Estrogen, testosterone, sex hormones, T cells, innate lymphoid cells, asthma, allergy
Dr. Newcomb received her undergraduate degree from North Carolina State University in 2002 and her Ph.D. from University of Michigan in 2007. She trained as a post-doctoral fellow in Dr. R. Stokes Peebles, Jr. M.D. laboratory at Vanderbilt University focusing on lung inflammation, viral infections, and T cell immune responses. Dr. Newcomb currently has a K12 award to determine the role of gender in CD4+ Th17-mediated inflammation in severe asthma.
Our laboratory is focused on determining the role of sex hormones on innate lymphoid cell and T cell differentiation and cytokine expression, using asthma as our disease model. To study this, we utilize lymphocytes from the blood of healthy and asthmatic individuals as well as mouse models which mimic asthma. Findings from our laboratory will be important in determining why women are more likely to have asthma as adults compared to men and may provide new potential therapeutic targets for treating airway inflammation.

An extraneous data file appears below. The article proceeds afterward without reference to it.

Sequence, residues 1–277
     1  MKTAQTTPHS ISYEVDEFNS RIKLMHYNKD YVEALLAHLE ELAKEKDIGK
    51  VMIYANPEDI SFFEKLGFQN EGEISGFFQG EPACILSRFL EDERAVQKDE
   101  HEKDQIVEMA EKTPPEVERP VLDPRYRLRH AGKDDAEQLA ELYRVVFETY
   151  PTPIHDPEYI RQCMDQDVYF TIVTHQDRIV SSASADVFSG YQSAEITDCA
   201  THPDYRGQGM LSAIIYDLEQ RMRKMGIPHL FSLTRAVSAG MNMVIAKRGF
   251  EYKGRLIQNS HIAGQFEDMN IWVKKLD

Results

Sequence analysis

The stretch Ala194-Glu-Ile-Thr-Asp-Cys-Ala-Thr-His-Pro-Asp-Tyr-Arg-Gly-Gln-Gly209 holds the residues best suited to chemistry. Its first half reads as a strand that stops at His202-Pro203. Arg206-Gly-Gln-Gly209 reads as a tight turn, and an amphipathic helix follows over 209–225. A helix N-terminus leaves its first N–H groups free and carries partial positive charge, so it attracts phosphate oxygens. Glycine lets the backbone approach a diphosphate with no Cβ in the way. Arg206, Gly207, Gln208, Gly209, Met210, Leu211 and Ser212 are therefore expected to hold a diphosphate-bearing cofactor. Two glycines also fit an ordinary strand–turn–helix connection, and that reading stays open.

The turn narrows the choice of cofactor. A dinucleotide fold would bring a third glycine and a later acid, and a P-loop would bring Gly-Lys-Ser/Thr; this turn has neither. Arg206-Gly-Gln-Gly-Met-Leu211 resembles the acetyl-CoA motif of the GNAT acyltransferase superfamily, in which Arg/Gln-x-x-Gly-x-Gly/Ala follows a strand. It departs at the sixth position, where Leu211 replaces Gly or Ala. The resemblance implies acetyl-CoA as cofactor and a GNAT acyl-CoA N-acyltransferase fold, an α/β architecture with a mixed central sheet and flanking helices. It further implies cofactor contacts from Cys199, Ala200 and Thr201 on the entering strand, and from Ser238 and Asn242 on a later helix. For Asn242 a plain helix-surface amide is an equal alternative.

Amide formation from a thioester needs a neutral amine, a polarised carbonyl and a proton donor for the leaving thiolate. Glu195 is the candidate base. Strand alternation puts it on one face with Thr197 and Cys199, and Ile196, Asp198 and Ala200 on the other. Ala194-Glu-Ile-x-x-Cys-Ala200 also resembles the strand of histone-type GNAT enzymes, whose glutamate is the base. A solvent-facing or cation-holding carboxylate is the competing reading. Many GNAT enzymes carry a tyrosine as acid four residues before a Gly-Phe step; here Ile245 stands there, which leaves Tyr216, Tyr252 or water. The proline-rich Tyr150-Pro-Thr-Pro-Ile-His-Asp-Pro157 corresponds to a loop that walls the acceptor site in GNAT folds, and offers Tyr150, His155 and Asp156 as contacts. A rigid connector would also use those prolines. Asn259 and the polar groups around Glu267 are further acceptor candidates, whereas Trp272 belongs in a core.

This lab is unique in that we use asthma as a model system to study basic immunology and how sex hormones regulate T cells and cells in the innate immune system. Other diseases, including multiple sclerosis and lupus, have a female predominance. Therefore, our findings may apply to a number of different diseases.